Our first drive of the production 918 raises more questions than it answers, but this time around it has gone a long way to silencing sceptics and critics in sparkling fashion. Combining blistering performance and dazzling dynamics with hybrid and battery-only modes that genuinely add another dimension to your enjoyment of the car at low and high speeds, it’s a fresh and unforgettable experience. It’s true that such head-spinning sophistication comes at the expense of old-school purity and it’s certainly a very different experience to that which we’re used to, but in championing the 918 Spyder, Porsche isn’t asking that we renounce our love of cars like the Carrera GT, just that we look forward rather than back.
We need to get to know the Spyder on proper roads to be truly definitive about where it sits in the pantheon of supercars, but it’s clearly an absolutely mighty thing. As purists, we can rail against the added weight and complexity, and scoff at the minute contribution its green credentials make to curing the world’s environmental malaise, but that rather misses the point. Walliser and his team didn’t build the 918 Spyder to save the planet, they did it to save the supercar. Accept that and you’ll find solace in understanding that this is a new beginning, not the end.
TECHNICAL DATA FILE SPECIFICATIONS 2014 Porsche 918 Spyder Weissach Package
Engine V8, 4593cc, plus 95kW (front) and 115kW (rear) electric motors CO2 72g/km( 70g/km with Weissach Package)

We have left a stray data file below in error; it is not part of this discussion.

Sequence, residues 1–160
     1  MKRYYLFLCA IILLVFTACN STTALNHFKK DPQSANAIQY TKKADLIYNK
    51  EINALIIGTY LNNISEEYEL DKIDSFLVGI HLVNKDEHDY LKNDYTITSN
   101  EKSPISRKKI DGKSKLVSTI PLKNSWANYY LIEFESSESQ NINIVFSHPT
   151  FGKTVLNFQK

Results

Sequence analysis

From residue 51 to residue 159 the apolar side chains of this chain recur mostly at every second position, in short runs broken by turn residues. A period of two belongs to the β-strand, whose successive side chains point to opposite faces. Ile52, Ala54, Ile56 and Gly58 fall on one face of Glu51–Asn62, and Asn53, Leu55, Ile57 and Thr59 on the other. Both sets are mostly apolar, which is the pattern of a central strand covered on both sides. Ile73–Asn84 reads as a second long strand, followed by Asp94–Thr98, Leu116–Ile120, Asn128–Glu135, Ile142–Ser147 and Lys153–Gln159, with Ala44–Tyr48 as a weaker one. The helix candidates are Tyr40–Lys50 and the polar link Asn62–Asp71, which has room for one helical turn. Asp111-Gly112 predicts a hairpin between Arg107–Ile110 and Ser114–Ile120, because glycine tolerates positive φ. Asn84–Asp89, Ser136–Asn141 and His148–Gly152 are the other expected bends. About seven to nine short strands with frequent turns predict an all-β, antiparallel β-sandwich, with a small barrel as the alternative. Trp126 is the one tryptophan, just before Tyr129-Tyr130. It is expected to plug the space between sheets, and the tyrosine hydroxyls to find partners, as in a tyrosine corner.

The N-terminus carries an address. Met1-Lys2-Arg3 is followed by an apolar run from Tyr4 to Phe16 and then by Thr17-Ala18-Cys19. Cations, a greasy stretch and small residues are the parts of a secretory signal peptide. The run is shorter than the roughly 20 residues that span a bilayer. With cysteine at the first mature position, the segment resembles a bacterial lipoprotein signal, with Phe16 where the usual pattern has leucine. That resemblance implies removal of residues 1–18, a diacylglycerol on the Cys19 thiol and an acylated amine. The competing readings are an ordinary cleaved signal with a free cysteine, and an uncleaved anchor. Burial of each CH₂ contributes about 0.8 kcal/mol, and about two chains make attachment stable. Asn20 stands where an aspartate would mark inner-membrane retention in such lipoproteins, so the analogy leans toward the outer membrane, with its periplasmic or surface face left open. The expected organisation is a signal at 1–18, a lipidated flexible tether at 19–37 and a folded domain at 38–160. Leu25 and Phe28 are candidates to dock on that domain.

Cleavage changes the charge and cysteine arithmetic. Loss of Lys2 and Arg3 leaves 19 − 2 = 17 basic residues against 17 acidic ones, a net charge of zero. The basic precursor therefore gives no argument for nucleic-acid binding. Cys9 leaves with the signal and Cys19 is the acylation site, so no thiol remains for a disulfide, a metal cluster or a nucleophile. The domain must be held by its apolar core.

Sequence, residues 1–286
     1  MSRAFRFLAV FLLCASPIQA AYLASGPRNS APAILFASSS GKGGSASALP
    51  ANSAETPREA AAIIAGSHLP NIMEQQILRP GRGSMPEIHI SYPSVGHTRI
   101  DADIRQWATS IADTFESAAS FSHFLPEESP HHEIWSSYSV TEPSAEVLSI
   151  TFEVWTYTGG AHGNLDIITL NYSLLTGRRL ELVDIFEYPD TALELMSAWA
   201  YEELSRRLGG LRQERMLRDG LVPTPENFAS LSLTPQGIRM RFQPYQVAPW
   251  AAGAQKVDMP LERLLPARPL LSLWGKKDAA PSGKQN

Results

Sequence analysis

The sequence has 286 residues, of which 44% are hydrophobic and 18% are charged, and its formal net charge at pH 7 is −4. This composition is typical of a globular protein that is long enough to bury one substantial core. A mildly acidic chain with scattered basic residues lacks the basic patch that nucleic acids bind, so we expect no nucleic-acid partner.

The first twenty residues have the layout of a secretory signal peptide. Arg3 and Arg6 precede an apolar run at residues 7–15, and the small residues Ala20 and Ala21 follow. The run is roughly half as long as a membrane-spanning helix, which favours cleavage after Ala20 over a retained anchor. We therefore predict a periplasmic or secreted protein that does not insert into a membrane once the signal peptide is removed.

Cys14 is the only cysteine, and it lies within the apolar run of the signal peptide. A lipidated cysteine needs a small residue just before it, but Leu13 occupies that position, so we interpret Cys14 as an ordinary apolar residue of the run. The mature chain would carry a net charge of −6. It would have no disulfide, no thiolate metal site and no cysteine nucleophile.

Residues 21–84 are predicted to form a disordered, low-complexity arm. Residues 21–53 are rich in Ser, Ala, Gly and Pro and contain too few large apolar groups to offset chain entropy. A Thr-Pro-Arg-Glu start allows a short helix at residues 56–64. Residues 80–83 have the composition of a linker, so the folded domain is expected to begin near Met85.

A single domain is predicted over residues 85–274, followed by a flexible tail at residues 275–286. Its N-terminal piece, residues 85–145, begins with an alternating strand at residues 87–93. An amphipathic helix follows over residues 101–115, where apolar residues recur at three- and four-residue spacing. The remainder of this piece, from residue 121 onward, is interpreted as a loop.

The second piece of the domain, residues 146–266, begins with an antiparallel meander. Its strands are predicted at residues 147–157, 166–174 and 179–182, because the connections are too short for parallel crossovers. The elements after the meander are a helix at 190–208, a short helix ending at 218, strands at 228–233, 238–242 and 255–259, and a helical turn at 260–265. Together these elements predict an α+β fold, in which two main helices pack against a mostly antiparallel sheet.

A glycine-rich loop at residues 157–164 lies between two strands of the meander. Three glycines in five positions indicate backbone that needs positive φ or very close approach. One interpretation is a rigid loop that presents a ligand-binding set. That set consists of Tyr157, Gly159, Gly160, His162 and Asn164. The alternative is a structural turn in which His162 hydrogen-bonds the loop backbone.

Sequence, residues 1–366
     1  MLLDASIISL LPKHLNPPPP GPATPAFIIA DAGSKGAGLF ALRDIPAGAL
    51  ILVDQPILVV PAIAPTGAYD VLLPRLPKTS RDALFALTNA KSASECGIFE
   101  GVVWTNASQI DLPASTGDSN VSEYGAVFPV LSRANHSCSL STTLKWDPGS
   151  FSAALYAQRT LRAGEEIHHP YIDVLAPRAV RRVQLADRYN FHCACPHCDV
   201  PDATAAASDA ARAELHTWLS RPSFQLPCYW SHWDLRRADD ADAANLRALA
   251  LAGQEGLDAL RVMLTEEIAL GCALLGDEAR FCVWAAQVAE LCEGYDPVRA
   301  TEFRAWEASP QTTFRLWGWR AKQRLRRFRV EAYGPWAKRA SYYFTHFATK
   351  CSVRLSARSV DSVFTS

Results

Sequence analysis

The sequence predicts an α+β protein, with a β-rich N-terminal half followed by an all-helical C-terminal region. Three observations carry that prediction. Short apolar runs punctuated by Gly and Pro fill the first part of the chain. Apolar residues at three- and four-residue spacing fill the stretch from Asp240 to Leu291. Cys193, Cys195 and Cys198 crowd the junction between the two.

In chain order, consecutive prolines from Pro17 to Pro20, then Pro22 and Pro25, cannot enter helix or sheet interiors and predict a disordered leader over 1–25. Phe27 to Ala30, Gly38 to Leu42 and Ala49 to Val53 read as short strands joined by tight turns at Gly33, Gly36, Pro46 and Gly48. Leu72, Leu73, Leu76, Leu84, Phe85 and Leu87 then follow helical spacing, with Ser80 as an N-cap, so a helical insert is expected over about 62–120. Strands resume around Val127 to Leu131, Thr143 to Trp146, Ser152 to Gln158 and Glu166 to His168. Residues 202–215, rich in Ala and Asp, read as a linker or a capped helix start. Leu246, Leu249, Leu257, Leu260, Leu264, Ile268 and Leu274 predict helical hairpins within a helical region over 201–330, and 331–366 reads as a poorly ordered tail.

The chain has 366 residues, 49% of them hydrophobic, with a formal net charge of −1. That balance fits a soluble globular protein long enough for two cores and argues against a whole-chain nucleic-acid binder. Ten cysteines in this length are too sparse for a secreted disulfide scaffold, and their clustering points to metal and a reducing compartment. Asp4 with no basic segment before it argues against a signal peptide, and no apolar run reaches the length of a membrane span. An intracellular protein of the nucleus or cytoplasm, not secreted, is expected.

Max power 875bhp @ 8500rpm / DIN
Max Torque 944lb ft @ 6600rpm / DIN
Transmission Seven-speed PDK gearbox, four-wheel drive, limited-slip diff, PTV
Front suspension Double wishbones, coil springs, PASM dampers, anti-roll bar
Rear suspension Multi-link, coil springs, PASM dampers, anti-roll bar
Brakes Carbon-ceramic discs, 410mm front, 390mm rear, ABS, EBD, PCCB
Wheels 9.5 x 20in front, 12.5 x 21in rear
Tyres 265/35 ZR20 front, 325/30 ZR21 rear
Weight (kerb) 1674kg (1634kgWeissach)
Power-to-weight 531bhp/ton (544bhp/ton Weissach)
0-62mph 2.6sec (claimed)
Top speed 214mph (claimed, 215mph Weissach)
Basic price c£647,000
Drive-My rating: 5.0
‘THE SPYDER LACKS THE EXTREME VISUAL DRAMA OF THE LaFERRARI AND THE P1, BUT IT SHARES THE CARRERA GT’S GRACEFUL RESTRAINT’
‘THE PDK IS ANNOYINGLY GOOD, PUNCHING UP AND DOWN THE SEVEN SPEEDS WITH PRECISION’
‘IF MY PARCHED MOUTH IS ANYTHING TO GO BY, WHEN IT COMES TO DELIVERING A GOOD OLD-FASHIONED ADRENALIN RUSH, THE 918 SPYDER IS UP THERE WITH THE BEST OF THEM’
‘THIS TIME AROUND THE 918 HAS GONE A LONG WAY TO SILENCING SCEPTICS AND CRITICS IN SPARKLING FASHION’
Above: rear aeroblades are Among Weissach Package addenda. Right: V8’s output goes to the rear axle only and is supported by an electric motor, so oversteer is always an option. Right: hybrid system makes for a claimed 91mpg; huge 410mm discs stop front-wheels. Far left : Meaden also drove the non- Weissach 918 Spyder on track, but only for photography, not for hot laps. Below: speaking of which… red button on wheel engages Hot Lap mode. Right: carbon-clad seats come with six-point harnesses in Weissach Package-equipped cars.